participated in procuring the instrument‟s preparation or execution; and (3) the person
    would benefit unduly by the testamentary instrument.” (Rice v. Clark, supra, 28 Cal.4th
    at pp. 96-97.) The trier of fact decides whether the presumption will be applied and if it
    has been rebutted. (Conservatorship of Davidson (2003) 
    113 Cal. App. 4th 1035
    , 1060
    disapproved on another ground in Bernard v. Foley (2006) 
    39 Cal. 4th 794
    , 816, fn. 14.)
                  The statement of decision set out the standard and the factual basis for the
    finding. First, Dennis, as cotrustee, had a confidential relationship with Helen. Helen
    “relied greatly” on both Doreen and Dennis, her children, as caregivers, and, although not
    mentioned, both lived with Helen for several years. We reject defendants‟ conclusory
    claim there is no evidence they pressured Helen.
                  The second factor, procurement of execution of the amendment, which may
    be shown by circumstantial evidence (Estate of Baker (1982) 
    131 Cal. App. 3d 471
    , 481),
    includes the alleged wrongdoers‟ “„“control over the decedent‟s business affairs,
    dependency of the decedent upon the beneficiary for care and attention, or domination on
    the part of the beneficiary and subserviency on the part of the deceased”‟” (ibid.). Here,
    as set out in the statement of decision, defendants were extensively involved in procuring
    the amendment, hiring Goldberg, instead of Helen‟s usual estate planning lawyer, and
    scheduling meetings with him. Helen could not hear or see and Doreen had to point to
    where she should sign documents. Dennis was heavily involved in Helen‟s financial
    affairs. This evidence controverts defendants‟ claim they did nothing more than help
    Helen find a lawyer and, in accordance with her wishes, attend certain meetings. (Cf.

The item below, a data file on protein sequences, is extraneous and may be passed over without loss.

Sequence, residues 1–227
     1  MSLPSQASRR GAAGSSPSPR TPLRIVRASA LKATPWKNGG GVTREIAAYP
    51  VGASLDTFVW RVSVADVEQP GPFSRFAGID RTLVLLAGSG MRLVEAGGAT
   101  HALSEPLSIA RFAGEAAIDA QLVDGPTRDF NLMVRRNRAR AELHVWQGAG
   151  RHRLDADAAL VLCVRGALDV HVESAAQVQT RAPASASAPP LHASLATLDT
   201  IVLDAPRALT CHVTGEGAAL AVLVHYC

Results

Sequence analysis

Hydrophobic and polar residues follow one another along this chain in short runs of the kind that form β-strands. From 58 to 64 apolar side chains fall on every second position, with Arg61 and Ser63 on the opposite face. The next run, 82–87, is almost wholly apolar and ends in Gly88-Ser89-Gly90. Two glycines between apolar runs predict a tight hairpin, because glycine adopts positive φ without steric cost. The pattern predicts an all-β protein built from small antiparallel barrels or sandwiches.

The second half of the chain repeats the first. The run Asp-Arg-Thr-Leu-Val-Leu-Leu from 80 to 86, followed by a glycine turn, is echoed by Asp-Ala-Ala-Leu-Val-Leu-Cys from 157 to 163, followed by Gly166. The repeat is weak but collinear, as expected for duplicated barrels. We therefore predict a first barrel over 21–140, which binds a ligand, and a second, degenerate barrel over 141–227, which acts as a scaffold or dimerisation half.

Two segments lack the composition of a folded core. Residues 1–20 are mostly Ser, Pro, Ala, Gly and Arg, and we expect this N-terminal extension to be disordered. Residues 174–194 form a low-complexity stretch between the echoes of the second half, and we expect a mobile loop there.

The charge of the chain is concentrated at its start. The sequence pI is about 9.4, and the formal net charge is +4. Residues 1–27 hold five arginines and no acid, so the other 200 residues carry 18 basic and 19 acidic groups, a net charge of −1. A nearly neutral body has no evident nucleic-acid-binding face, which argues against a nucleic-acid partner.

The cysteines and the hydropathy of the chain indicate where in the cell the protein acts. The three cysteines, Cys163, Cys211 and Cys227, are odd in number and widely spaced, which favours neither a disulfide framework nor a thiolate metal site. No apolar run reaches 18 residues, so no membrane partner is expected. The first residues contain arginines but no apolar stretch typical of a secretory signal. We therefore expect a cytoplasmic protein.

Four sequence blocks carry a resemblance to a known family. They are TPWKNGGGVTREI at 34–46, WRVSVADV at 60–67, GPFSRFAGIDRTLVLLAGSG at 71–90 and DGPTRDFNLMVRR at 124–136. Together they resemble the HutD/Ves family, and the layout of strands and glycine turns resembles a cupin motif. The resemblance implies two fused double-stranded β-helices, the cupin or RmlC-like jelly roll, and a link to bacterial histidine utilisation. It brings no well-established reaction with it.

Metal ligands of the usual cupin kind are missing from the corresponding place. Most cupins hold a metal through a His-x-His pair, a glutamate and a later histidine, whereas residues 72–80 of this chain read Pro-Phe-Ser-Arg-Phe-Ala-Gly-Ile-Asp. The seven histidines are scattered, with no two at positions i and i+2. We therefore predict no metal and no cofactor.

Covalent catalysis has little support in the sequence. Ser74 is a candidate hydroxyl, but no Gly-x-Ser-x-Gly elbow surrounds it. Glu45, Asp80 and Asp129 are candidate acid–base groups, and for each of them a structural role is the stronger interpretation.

Estate of Mann (1986) 
    184 Cal. App. 3d 593
    , 607 [beneficiaries‟ selection of lawyer to
    prepare trust or presence at signing alone not sufficient to support undue influence].)
                  Contrary to defendants‟ rather conclusory claim, there are also facts
    showing they received undue profit, the third factor. Before the amendment, the five
    children were to share in the house equally. Afterwards, the three plaintiffs were to
    receive no share. The house was the primary asset of the estate so the effect of the
    amendment was to virtually disinherit plaintiffs.
                  Defendants argue undue profit is determined “based on a qualitative
    assessment of the evidence, not a quantitative one.” (Conservatorship of Davidson,
    supra, 113 Cal.App.4th at p. 1060.) In other words, “„undue‟” depends on “„what profit
    would be “due.”‟” (Ibid.) There was evidence Helen would not want to amend the trust
    to cut plaintiffs out of her estate. James was a cotrustee and assisted Helen with some of
    her finances. He and Laurinda lived near Helen and visited her regularly. Laurinda was
    Helen‟s attorney in fact in her health care power of attorney. Thus, under this standard
    and based on these facts, the trust amendment gave defendants an undue profit.